I met Steve Sanson and Jason Brooks when I spoke at a Veterans in Politics, International (VIPI) meeting in Las Vegas, Nevada on August 27, 2015, where I presented a plan to transform the VA. I worked on this speech almost daily while driving west for fifteen days and 2,400 miles from the Maryland suburbs of Washington D.C. to Nevada.
I feel the only thing that has improved over the past year is the ability for a veteran to go outside of the VA for care. Even within the VA primary care network, things are worse.Staff Sergeant Jason Brooks (Retired)
Democracy Chronicles published an edited version of that speech on October 20, 2015, as Transforming Veterans Affairs: A Plan and a Kick in the Pants. The plan adopted all recommendations of the Iraq and Afghanistan Veterans of America (IAVA) 2014 Policy Agenda.
The article credits psychiatrist Jonathan Shay with coining the term moral injury for the psychological trauma that results when someone violates his or her own moral code. Shay’s key question is: Where is our morality when we teach our young people how to kill?
Shay believes that recovery is embedded in the homecoming and whether the community understands the “truth of the wartime experience.”
The speech and the plan called for a new VA mission and six strategic goals:
New Mission: To provide world-class services and benefits to our veterans and their families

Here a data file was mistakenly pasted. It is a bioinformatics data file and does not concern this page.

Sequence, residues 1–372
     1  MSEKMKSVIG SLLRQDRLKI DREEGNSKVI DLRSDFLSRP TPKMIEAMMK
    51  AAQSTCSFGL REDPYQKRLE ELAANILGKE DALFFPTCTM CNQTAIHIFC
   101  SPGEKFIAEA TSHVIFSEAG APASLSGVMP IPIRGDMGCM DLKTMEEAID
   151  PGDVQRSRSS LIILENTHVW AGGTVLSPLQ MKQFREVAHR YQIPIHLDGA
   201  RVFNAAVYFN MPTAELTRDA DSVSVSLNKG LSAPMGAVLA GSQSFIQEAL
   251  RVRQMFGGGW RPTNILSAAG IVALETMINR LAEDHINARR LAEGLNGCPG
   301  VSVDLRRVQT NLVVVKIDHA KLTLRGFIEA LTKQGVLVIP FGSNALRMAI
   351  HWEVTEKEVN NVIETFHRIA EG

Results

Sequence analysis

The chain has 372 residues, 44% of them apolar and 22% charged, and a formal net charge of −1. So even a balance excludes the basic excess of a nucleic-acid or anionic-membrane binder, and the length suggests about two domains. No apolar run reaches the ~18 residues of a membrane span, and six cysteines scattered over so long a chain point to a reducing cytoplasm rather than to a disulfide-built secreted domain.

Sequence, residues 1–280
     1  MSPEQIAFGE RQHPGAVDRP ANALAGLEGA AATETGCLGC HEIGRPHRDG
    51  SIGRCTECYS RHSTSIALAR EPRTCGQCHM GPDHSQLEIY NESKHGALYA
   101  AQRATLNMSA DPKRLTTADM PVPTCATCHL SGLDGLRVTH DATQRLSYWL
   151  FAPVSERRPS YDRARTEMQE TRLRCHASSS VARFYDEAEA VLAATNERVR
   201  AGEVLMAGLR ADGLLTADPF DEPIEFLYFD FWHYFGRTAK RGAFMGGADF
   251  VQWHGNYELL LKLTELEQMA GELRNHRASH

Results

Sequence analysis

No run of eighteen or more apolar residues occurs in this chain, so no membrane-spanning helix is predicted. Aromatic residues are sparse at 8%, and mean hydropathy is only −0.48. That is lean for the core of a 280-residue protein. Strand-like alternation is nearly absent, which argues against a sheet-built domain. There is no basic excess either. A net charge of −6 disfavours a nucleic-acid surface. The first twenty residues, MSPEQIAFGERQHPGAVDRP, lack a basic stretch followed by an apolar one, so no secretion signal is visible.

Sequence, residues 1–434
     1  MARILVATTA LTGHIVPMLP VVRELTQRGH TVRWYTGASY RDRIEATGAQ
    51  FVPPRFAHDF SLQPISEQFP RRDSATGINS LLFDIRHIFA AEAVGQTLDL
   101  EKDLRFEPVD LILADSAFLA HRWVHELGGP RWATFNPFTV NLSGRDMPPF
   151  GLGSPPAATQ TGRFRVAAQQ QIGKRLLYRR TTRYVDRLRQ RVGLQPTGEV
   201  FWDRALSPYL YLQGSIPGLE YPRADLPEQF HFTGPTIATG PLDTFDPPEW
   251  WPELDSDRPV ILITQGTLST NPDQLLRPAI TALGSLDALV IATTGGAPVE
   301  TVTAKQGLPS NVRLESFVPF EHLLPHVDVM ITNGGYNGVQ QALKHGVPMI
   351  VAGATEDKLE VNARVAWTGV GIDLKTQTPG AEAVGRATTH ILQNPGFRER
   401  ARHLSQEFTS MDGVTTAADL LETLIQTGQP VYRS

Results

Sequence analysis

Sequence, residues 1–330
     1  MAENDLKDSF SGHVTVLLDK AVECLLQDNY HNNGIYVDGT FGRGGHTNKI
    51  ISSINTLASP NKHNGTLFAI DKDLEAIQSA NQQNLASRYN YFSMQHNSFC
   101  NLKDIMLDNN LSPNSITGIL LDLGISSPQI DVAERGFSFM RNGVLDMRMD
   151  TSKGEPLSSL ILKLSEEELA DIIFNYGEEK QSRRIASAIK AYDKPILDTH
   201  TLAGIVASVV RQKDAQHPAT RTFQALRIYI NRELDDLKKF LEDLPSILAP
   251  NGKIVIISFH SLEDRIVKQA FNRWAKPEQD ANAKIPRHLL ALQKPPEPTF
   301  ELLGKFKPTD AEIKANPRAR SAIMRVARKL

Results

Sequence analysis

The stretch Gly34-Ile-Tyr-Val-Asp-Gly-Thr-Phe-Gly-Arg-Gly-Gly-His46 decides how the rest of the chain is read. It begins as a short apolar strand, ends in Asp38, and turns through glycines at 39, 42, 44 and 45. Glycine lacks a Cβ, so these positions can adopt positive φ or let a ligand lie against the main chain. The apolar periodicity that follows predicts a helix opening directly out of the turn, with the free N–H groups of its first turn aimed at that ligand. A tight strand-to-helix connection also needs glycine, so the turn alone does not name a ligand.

- World-Class Health and Mental Health Care
- World-Class Delivery of Benefits and Supports
- 21st Century Technology and Data Systems
- Organizational Excellence
- Strong Partnerships
- Performance Metrics Focused on Quality of Care
“The kick in the pants” of the article’s title was clear: eliminate all restrictions on the Veterans Choice Program – let vets get health care where they want.
In January 2016, at the Independent Presidential Debate in Lake Charles, Louisiana, I sat on the panel next to Chris Keniston, the presidential nominee of the Veterans Party of America, for over three hours. Chris and I heard obvious policy agreements when the interviewer asked, “How would you help our veterans?”
Our agreements were reinforced in April 2016 when Veterans in Politics, International hosted an independent and third party presidential debate. Subsequent conversations with Chris Keniston and Steve Sanson have added greatly to my framework for transforming the VA, and each helped me better understand the words of the Constitution of the United States.
There is broad agreement in the veterans’ community about how to fix the U.S. Department of Veterans Affairs. The challenge is bringing veterans and politicians into the same conversation. Ultimately, that conversation brings us to the nature of war and peace-building in the 21st century.